# 7.5 Problem Modification and Reoptimization¶

Often one might want to solve not just a single optimization problem, but a sequence of problems, each differing only slightly from the previous one. This section demonstrates how to modify and re-optimize an existing problem. The example we study is a simple production planning model.

Problem modifications regarding variables, cones, objective function and constraints can be grouped in categories:

- adding constraints and variables,
- modifying existing constraints.

Adding new variables and constraints is very easy. Modifications to existing constraints are more cumbersome, and the user should consider whether it is not worth rebuilding the model from scratch in such case. The amount of work required by *Fusion* to update the optimizer task may outweigh the potential gains.

Depending on the type of modification, **MOSEK** may be able to optimize the modified problem more efficiently exploiting the information and internal state from the previous execution. After optimization, the solution is always stored internally, and is available before next optimization. The former optimal solution may be still feasible, but no longer optimal; or it may remain optimal if the modification of the objective function was small.

In general, **MOSEK** exploits dual information and availability of an optimal basis from the previous execution. The simplex optimizer is well suited for exploiting an existing primal or dual feasible solution. Restarting capabilities for interior-point methods are still not as reliable and effective as those for the simplex algorithm. More information can be found in Chapter 10 of the book [Chv83].

Parameter settings (see Sec. 8.4 (Setting solver parameters)) can also be changed between optimizations.

## 7.5.1 Example: Production Planning¶

A company manufactures three types of products. Suppose the stages of manufacturing can be split into three parts: Assembly, Polishing and Packing. In the table below we show the time required for each stage as well as the profit associated with each product.

Product no. | Assembly (minutes) | Polishing (minutes) | Packing (minutes) | Profit ($) |
---|---|---|---|---|

0 | 2 | 3 | 2 | 1.50 |

1 | 4 | 2 | 3 | 2.50 |

2 | 3 | 3 | 2 | 3.00 |

With the current resources available, the company has \(100,000\) minutes of assembly time, \(50,000\) minutes of polishing time and \(60,000\) minutes of packing time available per year. We want to know how many items of each product the company should produce each year in order to maximize profit?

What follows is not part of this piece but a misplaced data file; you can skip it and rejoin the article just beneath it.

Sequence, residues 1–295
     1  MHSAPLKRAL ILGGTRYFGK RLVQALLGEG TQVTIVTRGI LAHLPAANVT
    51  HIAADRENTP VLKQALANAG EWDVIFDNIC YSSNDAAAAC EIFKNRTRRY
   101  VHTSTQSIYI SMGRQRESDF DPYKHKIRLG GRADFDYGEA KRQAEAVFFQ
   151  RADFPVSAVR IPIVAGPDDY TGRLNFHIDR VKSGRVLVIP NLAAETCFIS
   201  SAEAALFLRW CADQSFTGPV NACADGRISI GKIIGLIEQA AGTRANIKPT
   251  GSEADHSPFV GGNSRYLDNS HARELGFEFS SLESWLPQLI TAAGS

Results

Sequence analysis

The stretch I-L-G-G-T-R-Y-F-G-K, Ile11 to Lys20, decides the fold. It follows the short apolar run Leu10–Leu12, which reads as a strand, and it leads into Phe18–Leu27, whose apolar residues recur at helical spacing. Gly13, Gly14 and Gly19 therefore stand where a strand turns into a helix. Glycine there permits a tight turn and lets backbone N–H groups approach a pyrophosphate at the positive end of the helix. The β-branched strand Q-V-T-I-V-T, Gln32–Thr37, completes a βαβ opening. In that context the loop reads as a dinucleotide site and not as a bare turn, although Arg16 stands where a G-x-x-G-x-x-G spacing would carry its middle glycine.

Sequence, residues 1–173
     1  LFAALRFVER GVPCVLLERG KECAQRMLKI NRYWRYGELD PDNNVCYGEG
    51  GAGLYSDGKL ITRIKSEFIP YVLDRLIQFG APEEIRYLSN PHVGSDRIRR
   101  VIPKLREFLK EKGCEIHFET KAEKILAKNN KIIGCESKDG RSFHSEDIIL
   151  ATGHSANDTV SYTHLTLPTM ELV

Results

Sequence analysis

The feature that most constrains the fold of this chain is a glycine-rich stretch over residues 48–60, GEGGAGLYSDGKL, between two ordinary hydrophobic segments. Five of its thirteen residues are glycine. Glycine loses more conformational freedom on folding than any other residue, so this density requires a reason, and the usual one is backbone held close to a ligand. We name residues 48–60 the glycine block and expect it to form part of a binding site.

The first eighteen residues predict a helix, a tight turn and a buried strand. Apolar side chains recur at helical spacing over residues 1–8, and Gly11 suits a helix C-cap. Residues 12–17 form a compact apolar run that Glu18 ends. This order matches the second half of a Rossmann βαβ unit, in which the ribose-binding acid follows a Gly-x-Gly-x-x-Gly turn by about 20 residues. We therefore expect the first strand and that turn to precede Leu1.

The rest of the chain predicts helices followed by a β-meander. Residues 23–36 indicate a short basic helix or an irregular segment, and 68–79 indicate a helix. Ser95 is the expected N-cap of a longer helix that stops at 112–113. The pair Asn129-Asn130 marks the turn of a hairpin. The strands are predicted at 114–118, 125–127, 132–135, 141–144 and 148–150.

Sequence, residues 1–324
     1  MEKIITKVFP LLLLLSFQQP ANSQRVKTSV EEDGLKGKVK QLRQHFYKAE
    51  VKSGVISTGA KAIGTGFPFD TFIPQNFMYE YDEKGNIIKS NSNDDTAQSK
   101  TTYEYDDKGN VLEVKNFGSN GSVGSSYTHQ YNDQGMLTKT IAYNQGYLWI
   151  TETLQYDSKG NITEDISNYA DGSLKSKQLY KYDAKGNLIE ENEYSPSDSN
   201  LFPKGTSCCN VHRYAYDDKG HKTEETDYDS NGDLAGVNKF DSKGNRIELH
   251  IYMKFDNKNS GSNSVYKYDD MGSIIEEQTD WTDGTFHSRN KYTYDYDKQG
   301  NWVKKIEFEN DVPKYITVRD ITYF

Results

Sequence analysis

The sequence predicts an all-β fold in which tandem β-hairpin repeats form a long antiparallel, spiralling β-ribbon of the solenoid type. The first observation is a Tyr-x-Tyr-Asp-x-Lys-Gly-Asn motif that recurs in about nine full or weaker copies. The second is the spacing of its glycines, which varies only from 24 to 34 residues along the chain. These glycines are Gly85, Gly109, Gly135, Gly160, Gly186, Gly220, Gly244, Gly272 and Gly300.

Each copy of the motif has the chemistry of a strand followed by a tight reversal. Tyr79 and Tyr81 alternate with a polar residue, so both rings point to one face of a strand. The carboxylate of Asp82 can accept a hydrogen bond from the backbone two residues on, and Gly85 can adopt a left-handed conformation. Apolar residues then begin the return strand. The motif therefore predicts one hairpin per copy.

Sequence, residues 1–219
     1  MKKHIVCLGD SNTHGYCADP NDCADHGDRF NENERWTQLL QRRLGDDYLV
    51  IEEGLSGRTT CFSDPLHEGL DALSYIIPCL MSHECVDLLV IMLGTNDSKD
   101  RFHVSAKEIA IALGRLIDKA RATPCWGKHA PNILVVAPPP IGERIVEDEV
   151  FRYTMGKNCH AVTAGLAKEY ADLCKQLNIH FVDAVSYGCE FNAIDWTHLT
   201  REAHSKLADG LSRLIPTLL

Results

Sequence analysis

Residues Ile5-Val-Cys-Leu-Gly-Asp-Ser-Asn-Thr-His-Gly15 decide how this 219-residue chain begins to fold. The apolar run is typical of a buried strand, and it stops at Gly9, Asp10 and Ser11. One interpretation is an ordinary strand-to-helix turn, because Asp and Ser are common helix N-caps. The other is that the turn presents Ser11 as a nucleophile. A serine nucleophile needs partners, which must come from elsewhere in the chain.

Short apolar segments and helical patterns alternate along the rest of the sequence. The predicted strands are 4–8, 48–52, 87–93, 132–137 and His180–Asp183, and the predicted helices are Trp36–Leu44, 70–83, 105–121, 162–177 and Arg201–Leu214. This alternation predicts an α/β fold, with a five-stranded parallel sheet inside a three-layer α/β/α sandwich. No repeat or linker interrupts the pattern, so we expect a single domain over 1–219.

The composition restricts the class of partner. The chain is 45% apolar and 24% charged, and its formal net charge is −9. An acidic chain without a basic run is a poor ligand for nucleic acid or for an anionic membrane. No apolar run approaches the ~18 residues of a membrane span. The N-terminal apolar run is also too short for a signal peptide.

Denoting the number of items of each type by \(x_0,x_1\) and \(x_2\), this problem can be formulated as a linear optimization problem:

and

Code in Listing 8 loads and solves this problem.

```
auto c = new_array_ptr<double, 1>({ 1.5, 2.5, 3.0 });
auto A = new_array_ptr<double, 2>({ {2, 4, 3},
{3, 2, 3},
{2, 3, 2} });
auto b = new_array_ptr<double, 1>({ 100000.0, 50000.0, 60000.0 });
int numvar = 3;
int numcon = 3;
// Create a model and input data
Model::t M = new Model(); auto M_ = monty::finally([&]() { M->dispose(); });
auto x = M->variable(numvar, Domain::greaterThan(0.0));
auto con = M->constraint(Expr::mul(A, x), Domain::lessThan(b));
M->objective(ObjectiveSense::Maximize, Expr::dot(c, x));
// Solve the problem
M->solve();
```

## 7.5.2 Changing the Linear Constraint Matrix¶

Suppose we want to change the time required for assembly of product \(0\) to \(3\) minutes. This corresponds to setting \(a_{0,0} = 3\). Now the `Constraint`

provides the method `Constraint.add`

, which sums the constraint expression with another expression and updates the constraint expression. In our case the update we need is \(1\cdot x_0\) (since \(2+1=3\)).

```
con->index(0)->add(x->index(0));
```

The problem now has the form:

and

After this operation we can reoptimize the problem.

## 7.5.3 Appending Variables¶

We now want to add a new product with the following data:

Product no. | Assembly (minutes) | Polishing (minutes) | Packing (minutes) | Profit ($) |
---|---|---|---|---|

3 | 4 | 0 | 1 | 1.00 |

This corresponds to creating a new variable \(x_3\), appending a new column to the \(A\) matrix and setting a new term in the objective. We do this in Listing 9

```
/*************** Add a new variable ******************************/
// Create a variable and a compound view of all variables
auto x3 = M->variable(Domain::greaterThan(0.0));
auto xNew = Var::vstack(x, x3);
// Add to the exising constraint
con->add(Expr::mul(x3, new_array_ptr<double, 1>({ 4, 0, 1 })));
// Change the objective to include x3
M->objective(ObjectiveSense::Maximize, Expr::dot(new_array_ptr<double, 1>({1.5,2.5,3.0,1.0}), xNew));
```

After this operation the new problem is:

and

## 7.5.4 Appending Constraints¶

Now suppose we want to add a new stage to the production process called *Quality control* for which \(30000\) minutes are available. The time requirement for this stage is shown below:

Product no. | Quality control (minutes) |
---|---|

0 | 1 |

1 | 2 |

2 | 1 |

3 | 1 |

This corresponds to adding the constraint

to the problem. This is done as follows.

```
/**************** Add a new constraint *****************************/
M->constraint(Expr::dot(xNew, new_array_ptr<double, 1>({1, 2, 1, 1})), Domain::lessThan(30000.0));
```

Again, we can continue with re-optimizing the modified problem.